Remote control for True Bypass Relay Board

By | April 25, 2017

We have had a few enquiries about using the true bypass relay board with the control switch remote from the board itself (original article here) (kits available in the shop here). We should emphasise that as it stands, the true bypass board is designed for the ‘Stomp Here’ switch to be mounted in the same box and very close to the board. Here’s the original schematic:255SV

In order to remote the ‘Stomp Here’ switch we need to consider switch debouncing, noise immunity and microcontroller input protection.

Atmel Digital Input

The microcontroller input can be modeled like this:


The external signal connects to PB1. Diodes D1 and D2 provide ESD protection to the input. Cin represents parasitic input capacitance and is very low (<10pF). Rpu is the pull-up resistor with a value between 20k and 50k. Q1 connects Rpu to Vcc and is controlled by the pull-up disable (PUD) signal. The input signal passes through a Schmitt trigger to square-it-up and then (via the synchroniser) becomes a logic bit in the PINB register.

As it stands, we rely on the pull-up resistor Rpu to hold the input (PB1) at 5V unless we ground the input using the ‘Stomp Here’ switch. We rely on the Schmitt trigger to create a nice (square, fast) edge to our logic signal and we use a software debouncing algorithm to ensure that one press of the switch gives one signal to the switching part of the software.

Design Limitations

Limitations of simply connecting a switch to ground include the notion that D1 and D2 are not particularly robust, Rpu is considered a “weak” pull-up and Cin has a very low value.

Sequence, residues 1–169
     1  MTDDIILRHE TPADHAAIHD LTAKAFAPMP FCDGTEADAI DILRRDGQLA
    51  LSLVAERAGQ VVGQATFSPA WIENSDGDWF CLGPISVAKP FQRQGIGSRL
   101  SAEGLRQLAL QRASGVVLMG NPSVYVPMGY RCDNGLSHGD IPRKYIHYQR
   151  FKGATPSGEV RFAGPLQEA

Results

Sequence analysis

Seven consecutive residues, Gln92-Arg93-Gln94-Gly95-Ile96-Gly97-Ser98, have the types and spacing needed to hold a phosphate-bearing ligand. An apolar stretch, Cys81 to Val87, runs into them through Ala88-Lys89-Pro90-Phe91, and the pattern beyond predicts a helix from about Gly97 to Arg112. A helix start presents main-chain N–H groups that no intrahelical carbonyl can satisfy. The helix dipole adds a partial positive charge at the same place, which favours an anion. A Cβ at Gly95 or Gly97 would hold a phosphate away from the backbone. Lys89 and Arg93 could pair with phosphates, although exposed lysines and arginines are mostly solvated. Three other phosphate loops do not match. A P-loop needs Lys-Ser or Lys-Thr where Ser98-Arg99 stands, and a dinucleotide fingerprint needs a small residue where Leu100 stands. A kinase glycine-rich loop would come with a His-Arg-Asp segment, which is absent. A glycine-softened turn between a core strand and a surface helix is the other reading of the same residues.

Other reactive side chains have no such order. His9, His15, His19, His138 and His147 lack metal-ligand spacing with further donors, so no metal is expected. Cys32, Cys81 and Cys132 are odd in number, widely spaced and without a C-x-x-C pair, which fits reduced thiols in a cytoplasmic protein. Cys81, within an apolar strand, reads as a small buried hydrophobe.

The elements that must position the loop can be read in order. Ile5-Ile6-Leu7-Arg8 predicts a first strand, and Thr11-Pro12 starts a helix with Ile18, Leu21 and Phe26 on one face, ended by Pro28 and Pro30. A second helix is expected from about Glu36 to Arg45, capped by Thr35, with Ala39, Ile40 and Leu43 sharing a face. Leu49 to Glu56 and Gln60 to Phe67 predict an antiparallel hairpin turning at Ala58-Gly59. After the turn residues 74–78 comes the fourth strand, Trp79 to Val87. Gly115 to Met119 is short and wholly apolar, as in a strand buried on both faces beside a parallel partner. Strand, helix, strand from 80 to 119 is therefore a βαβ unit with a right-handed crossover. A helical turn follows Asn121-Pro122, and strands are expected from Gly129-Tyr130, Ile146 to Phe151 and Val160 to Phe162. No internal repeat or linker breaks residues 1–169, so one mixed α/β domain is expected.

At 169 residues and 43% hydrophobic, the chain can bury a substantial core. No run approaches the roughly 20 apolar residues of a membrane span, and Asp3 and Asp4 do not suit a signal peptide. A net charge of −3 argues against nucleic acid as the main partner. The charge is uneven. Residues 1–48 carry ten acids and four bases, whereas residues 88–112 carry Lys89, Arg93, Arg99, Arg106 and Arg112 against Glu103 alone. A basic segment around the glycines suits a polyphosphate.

Option 1 – Beefing-up the Input circuitry

We will offer two ways to make the microcontroller input more robust. Firstly, we can add some extra components adjacent to the microcontroller input:257SV

Here R2 strengthens the pull-up. Zener diode D1 prevents the input going higher than nominal 6.2V. R3 forms a low-pass filter with C1 which filters out RF interference. If you’re feeling confident, you can omit D1. D1 could also be 5V6 (or even 5v1 at a pinch).

Option 2 – adding a photocoupler

Another option is to isolate the microcontroller input using a photocoupler. Many jelly-bean parts will do, but if you’re buying a new one, buy something with 817 in the part number, e.g. Sharp PC817, Kingbright KB817, Fairchild FOD817, Vishay K817, Avago HCPL-817, etc.


The advantage here is that we only need to add two components instead of four – but the photocoupler is slightly more painful to implement without a PCB or stripboard. Because there is no signal into the microcontroller unless the LED is on, the system is largely immune to EMC issues when the switch is not pressed. When the switch is pressed, the circuit is fairly low impedance (about 2.5mA through the photocoupler LED) so again, EMC should not be a problem.


Note that the software debounce is only good for about 64ms of debounce time, so you do need to implement a proper switch. Some customers have complained that the relay switches erratically – however, on investigation, in every case, the problem has occurred in a prototype scenario where a proper stomp switch was not implemented.

If you choose to mock something up on your workbench, you may notice that the software debounce will not cope with you switching by touching a piece of grounded jumper wire to the microcontroller input.

Unexpected switching behavior

If you’re using the kit (available from the shop here) and you are getting odd switching behavior, this may be because you don’t have an LED fitted. Please see the latest version of the User Guide here under the download tab.

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